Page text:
13. Miller High Life

• Parent company: Molson Coors Brewing Company

• Barrels shipped in 2019: 3 million

• Shipment change from 2018: -11.8%

• Market share: 1.46%

This pilsner-style beer, created in 1903, was one of the first widely distributed bottled beers in America (though it's now sold in cans as well). Brewer Frederick Miller called it "High Life," it is said, because he believed that good living should be available even to those who could only afford beer. He dubbed it "The Champagne of Beers" as a reference to its supposed luxurious quality.

12. Keystone Light

• Parent company: Molson Coors Brewing Company

• Barrels shipped in 2019: 3.3 million

• Shipment change from 2018: -7.1%

• Market share: 1.60%

This triple-filtered light lager, brewed by Coors in Colorado, comes in at 104 calories per 12-ounce bottles – six fewer than industry sales leader Bud Light (see No. 1). First brewed in 1989, Keystone Light has been dismissed as "beer-flavored water."

11. Heineken

• Parent company: Heineken International

• Barrels shipped in 2019: 3.7 million

• Shipment change from 2018: -3.9%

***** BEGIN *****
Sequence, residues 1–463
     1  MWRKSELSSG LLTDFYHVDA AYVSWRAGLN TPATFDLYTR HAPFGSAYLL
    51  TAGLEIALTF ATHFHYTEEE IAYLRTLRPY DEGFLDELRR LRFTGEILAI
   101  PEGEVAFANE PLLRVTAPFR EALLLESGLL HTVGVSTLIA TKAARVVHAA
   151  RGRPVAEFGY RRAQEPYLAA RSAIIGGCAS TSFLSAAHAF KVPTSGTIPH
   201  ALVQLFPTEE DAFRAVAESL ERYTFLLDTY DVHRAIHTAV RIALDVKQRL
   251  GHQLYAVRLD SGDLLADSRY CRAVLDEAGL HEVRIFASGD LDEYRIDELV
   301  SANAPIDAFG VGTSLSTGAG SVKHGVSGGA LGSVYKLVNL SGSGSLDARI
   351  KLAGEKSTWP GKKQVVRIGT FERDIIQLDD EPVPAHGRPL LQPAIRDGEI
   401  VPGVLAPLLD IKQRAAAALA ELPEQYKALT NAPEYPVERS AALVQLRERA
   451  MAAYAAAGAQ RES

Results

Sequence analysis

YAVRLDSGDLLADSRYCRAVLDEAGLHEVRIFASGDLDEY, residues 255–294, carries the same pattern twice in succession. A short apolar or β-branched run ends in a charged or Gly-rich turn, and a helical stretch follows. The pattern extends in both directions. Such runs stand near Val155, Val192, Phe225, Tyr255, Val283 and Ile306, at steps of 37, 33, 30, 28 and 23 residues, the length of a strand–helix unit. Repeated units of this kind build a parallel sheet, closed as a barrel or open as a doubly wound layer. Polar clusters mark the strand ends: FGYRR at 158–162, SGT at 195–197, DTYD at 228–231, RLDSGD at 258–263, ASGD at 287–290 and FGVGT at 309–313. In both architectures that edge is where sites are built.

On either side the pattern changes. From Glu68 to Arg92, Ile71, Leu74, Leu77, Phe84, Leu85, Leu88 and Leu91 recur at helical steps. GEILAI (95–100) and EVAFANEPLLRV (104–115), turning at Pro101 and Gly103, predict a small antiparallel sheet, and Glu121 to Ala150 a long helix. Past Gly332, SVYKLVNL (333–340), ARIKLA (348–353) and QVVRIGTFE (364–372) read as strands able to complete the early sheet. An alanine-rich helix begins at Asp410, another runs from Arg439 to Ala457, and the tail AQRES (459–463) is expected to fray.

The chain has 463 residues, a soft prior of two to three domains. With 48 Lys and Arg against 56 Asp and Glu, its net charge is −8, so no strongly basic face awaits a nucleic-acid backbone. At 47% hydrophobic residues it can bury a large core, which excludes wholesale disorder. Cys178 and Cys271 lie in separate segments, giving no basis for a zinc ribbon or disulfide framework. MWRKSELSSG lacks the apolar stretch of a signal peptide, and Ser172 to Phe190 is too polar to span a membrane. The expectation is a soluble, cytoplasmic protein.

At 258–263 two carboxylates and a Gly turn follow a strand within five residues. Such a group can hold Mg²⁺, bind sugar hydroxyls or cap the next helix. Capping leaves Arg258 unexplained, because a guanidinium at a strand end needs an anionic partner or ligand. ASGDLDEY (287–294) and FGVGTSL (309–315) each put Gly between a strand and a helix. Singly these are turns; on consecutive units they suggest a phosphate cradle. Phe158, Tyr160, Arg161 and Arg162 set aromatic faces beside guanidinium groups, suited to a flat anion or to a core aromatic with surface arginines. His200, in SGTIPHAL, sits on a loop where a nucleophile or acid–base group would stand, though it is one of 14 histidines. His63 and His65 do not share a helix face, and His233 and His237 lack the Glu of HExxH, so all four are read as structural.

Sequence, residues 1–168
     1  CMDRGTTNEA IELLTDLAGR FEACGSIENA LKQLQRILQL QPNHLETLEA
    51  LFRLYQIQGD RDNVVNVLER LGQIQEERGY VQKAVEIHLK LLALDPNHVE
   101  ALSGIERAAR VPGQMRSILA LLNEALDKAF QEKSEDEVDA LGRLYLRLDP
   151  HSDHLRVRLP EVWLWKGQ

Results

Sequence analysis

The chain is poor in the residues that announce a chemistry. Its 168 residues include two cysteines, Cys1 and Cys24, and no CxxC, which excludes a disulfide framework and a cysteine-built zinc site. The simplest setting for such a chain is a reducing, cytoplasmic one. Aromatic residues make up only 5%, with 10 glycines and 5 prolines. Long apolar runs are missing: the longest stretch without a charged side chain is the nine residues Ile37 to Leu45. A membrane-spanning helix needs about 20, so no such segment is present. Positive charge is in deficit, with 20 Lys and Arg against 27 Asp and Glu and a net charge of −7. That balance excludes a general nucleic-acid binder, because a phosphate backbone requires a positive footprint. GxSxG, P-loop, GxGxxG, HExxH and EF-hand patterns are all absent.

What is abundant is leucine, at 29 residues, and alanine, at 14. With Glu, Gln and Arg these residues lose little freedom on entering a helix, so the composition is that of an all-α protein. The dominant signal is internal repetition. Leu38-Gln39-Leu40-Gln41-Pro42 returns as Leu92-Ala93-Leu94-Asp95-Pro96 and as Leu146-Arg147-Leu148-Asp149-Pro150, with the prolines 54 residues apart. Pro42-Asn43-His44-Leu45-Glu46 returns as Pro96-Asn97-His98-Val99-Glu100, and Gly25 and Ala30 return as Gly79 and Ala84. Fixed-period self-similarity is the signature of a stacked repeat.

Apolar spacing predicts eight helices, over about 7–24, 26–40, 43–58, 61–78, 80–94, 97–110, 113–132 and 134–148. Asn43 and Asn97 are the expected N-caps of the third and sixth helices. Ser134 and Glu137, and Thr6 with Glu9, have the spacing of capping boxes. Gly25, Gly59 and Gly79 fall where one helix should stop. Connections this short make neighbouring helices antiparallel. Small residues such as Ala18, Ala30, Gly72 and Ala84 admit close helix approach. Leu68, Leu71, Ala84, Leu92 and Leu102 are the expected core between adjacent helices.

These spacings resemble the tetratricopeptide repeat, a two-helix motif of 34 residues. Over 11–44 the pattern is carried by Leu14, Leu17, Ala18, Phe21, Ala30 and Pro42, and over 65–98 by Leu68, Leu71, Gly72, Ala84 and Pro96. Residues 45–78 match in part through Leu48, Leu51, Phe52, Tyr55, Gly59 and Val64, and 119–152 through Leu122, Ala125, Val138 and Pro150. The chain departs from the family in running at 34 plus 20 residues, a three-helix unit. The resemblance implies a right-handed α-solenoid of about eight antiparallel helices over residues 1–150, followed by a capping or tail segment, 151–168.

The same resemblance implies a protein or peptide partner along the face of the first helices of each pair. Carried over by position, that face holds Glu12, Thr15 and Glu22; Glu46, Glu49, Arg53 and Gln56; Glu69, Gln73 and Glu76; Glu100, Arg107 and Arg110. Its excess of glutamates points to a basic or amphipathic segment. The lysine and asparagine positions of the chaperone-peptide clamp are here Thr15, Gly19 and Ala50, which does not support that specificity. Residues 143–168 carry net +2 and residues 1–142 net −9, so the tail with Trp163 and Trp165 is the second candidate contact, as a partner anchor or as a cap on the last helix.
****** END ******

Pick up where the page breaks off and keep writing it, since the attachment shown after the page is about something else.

• Market share: 1.78%

Brewed in the Netherlands for more than 150 years, Heineken is one of the world's most recognizable and widely distributed beer brands – and one of the most popular lagers in the beer universe. It is also America's third-most popular imported beer and the most popular European brew.

10. Busch

• Parent company: Anheuser-Busch InBev

• Barrels shipped in 2019: 3.9 million

• Shipment change from 2018: -7.8%

• Market share: 1.87%

Formerly sold under the name Busch Bavarian Beer, this was the first brew Anheuser-Busch marketed after Prohibition – though it took the company a long time. Prohibition was repealed in 1933, and the beer didn't appear until 22 years later. Busch bills itself as being "as crisp and cold as a mountain stream" – a claim echoed by the snowy peaks depicted on the label.

9. Busch Light

• Parent company: Anheuser-Busch InBev

• Barrels shipped in 2019: 6.3 million

• Shipment change from 2018: 1.6%

• Market share: 3.07%

A lighter sibling of the original Busch, this light beer has only a slightly lower ABV than the standard Busch (4.1% versus 4.3%). It earns its "light" designation, though, by having a mere 95 calories per 12-ounce can (19 fewer than regular Busch) and 3.2 grams of carbohydrates (roughly half what its near-namesake has).

8. Natural Light

• Parent company: Anheuser-Busch InBev

• Barrels shipped in 2019: 6.7 million

• Shipment change from 2018: -0.7%

• Market share: 3.24%

"Natty" bills itself as "the official beer of keeping it real and letting things just happen." A light pilsner, it has the same calorie count as another Anheuser-Busch light brand, Busch Light – 95 – and 35 fewer calories than Natural Ice (see No. 16).